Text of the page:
Tortugario Monterrico

Pacific Slope, Guatemala, Central America

Run by the San Carlos University Center for Conservation Studies (CECON), the Tortugario Monterrico provides a much-needed service along this slice of Guatemala’s Pacific coast. This area is an important nesting site for olive ridley, leatherback, and green sea turtles. Some of this land – including beaches and mangrove swamps – fall under the protection of the Biotopo Monterrico-Hawaii, which works to preserve the area’s natural habitat and the creatures that depend upon it. Even so, that doesn’t always stop locals from poaching and selling turtle eggs.  Tortugario-Monterrico offers to buy eggs found on the beach from the finders.  Guatemalan law says that residents may keep only a % of eggs found.  The rest they must sell to the tortugarios for hatch and release.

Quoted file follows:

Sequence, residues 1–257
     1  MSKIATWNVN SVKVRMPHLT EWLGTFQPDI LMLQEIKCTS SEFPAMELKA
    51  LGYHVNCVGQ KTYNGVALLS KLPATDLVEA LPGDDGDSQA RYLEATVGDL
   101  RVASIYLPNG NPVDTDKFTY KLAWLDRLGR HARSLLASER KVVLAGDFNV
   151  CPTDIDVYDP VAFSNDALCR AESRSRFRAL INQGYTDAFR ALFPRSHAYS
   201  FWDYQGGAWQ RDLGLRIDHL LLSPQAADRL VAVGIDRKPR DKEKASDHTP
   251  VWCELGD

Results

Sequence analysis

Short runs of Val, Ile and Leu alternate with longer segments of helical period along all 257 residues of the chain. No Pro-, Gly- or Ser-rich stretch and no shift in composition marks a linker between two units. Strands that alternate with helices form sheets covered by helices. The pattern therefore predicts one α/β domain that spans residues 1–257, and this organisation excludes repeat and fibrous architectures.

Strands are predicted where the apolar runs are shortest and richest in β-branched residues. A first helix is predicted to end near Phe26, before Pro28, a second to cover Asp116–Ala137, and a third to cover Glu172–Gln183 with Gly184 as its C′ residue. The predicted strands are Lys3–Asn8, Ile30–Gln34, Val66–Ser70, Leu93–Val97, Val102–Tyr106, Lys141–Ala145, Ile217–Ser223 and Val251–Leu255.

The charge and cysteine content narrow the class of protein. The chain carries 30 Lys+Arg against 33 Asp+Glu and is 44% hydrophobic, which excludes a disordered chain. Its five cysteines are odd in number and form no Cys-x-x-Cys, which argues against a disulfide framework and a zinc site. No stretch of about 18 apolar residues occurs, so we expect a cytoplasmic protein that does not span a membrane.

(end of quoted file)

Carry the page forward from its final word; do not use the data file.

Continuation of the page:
The Tortugario Monterrico runs a turtle hatchery along the beach where collected eggs are reburied and allowed to hatch in protection. The nesting season runs from June through January, but peaks in August and September.  The average nest contains around 100 eggs.  Olive ridley turtles typically have a 50-day incubation period, while leatherbacks tends to incubate for around 70 days. Once the turtles have hatched they may be held for a few days awaiting favorable conditions before being released in early morning or late evening hours.   

There is also a visitors center here and an interpretive trail that runs past enclosures housing freshwater turtles, alligators, and green iguanas. These animals will also be released into the wild. The sea turtles are typically released at sunrise or sunset from September to January. The Tortugario Monterrico releases around 50,000 baby sea turtles each year.

Travelers are allowed to help with the releases. If you choose to get involved, please refrain from using flashlights or flash photography—the lights scare and disorient the turtles. The Tortugario Monterrico also has positions for Spanish-speaking volunteers who want to help with daily activities.

Read About Sea Turtles here.